Protesters gathered by the hundreds on an unseasonably warm President’s Day in Philadelphia to vent their anger at executive orders signed so far by President Donald Trump.
Outside Philadelphia City Hall, a slate of speakers outlined the reasons why they opposed Trump’s policy decisions on issues ranging from abortion to climate change to immigration.
“What this president wants is for black and brown people to be detained indefinitely without charge in our city jails on our dime,” said Philadelphia Councilwoman Helen Gym, referring to Trump’s vow to defund sanctuary cities that protect undocumented immigrants. “We’re not gonna do that!”
Also speaking to the crowd was Joey Assali, whose family members were denied entry to the U.S. when they arrived here from Syria in January.
Trump’s blanket ban on immigration from Syria had taken effect hours before the Assalis landed in Philadelphia.
“This anti-Muslim sentiment only serves as propaganda,” said Assali. “If we allow ISIS to continue on their path, and even provide them with their own fear tactics, what will be left of this region in the future if not a larger and more threatening Islamic State?”
Speakers denounced Trump’s approval of several oil pipelines, his vow to repeal the Affordable Care Act, and what they perceived as his refusal to take a stand against police brutality.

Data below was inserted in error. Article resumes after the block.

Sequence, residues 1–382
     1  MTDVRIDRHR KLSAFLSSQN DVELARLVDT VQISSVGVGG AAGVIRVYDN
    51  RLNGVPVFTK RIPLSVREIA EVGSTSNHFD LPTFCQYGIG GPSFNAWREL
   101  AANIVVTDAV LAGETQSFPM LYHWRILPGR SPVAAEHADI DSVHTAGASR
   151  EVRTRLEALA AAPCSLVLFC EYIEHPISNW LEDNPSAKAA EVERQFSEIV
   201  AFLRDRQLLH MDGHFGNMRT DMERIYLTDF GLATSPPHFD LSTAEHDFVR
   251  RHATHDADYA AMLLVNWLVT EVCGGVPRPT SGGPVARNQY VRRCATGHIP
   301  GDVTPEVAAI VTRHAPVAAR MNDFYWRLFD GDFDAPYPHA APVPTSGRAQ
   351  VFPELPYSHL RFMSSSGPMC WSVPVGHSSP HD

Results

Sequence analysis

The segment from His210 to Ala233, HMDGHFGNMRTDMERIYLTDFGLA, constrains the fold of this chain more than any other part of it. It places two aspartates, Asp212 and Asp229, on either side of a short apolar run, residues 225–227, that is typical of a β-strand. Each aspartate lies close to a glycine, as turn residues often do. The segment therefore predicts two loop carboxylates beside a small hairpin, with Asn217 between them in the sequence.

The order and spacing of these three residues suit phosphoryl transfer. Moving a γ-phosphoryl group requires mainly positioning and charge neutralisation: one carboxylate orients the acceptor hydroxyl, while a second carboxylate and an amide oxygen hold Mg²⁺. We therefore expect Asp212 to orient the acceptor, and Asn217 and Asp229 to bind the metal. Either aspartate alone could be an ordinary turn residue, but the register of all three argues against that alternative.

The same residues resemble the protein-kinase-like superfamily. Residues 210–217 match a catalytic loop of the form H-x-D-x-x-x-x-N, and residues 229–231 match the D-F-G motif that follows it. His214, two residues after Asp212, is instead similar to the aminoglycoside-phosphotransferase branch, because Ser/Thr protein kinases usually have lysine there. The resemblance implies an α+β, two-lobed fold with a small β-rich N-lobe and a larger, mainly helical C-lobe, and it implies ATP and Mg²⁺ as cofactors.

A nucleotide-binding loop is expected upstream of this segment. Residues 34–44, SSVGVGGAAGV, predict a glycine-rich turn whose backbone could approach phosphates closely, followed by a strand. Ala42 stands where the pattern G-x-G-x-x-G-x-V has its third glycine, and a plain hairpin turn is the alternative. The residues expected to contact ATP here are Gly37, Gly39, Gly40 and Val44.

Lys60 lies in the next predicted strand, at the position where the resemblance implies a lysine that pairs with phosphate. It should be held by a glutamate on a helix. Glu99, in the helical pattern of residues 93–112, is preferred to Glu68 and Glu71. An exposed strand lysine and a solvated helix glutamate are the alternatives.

Members of the crowd, such as Montgomery County resident Kevin Fitzgerald, griped about other aspects of Trump’s presidency.
“He hasn’t divested himself from his properties,” said Fitzgerald, referring to Trump’s real estate holdings. “He’s causing chaos. [He] divides people.”
Speakers took to the podium for about two hours early in the afternoon, before the crowd marched down Market Street to Independence Hall.
Among the marchers was Terry Baraldi, a “revolting granny who’s madder than hell.”
Baraldi, the grandmother of five, said she worries about how a Trump presidency will affect her family and wanted to express her opposition to the administration.
“It’s not just liberal versus conservative ideology. That’s what keeps America fluid,” said the Lansdowne resident. “This is something much different, and much darker.”